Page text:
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Crunched credit wiped out many biotech firms in 2009, yet some emerged from the wreckage leaner and stronger. How did they do it, asks Dr Sukaina Virji-Jeganathan.
The repositioning of drugs for new clinical indications is becoming an increasingly prominent development strategy because it can reduce development risk as well as both the time and investment required to bring a product to market. Previously exclusive to pharmaceutical companies working to expand the applications of their marketed drugs, repositioning (also known as repurposing, reprofiling, therapeutic switching, or developing 'second use' indications) has emerged as an industry in its own right, encompassing both technology and drug companies. Today, companies involved in repositioning are charging for their services, establishing collaborative agreements and using the strategy to develop their own pipelines.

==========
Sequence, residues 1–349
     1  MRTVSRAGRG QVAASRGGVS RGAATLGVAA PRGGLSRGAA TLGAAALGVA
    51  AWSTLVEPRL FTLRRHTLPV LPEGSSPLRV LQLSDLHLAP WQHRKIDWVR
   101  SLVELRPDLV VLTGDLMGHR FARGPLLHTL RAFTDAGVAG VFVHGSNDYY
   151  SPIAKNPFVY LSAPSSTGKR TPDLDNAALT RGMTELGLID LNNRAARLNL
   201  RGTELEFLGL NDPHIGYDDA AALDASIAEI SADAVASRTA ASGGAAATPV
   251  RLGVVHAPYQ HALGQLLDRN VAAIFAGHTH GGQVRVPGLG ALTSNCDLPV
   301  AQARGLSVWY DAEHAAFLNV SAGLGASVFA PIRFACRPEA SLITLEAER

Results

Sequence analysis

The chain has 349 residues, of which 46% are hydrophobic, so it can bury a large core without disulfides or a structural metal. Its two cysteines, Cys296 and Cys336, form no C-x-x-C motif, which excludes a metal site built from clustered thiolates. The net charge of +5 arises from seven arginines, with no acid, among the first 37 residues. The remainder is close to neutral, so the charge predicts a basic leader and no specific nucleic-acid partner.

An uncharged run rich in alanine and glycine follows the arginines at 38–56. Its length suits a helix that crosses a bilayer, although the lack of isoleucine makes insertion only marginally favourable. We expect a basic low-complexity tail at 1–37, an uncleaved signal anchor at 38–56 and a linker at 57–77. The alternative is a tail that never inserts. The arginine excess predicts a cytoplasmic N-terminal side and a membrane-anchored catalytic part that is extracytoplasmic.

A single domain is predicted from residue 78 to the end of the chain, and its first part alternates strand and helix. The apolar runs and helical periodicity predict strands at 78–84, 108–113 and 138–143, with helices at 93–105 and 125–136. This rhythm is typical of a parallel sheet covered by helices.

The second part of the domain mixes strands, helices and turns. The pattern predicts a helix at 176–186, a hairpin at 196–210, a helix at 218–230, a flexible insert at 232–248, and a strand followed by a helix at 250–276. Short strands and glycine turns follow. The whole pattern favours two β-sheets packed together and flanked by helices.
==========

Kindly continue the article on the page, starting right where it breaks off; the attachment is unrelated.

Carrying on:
The recent setback in SUI by Lilly's depression drug duloxetine may have implcations for a handful of biotech companies aiming to exploit their knowledge of the brain-gut axis to develop CNS drugs for IBS, OAB and other below-the-belt indications. Dynogen and Vela are two companies with promising products in the area.
Lectus was founded in December 2002, to develop and commercialize a second generation of ion channel modulating drugs. By targeting the plethora of accessory proteins that regulate the activity of the ion channel pore-forming proteins rather than the pore-forming proteins themselves Lectus believes its drugs will be safer and more effective than currently marketed products.
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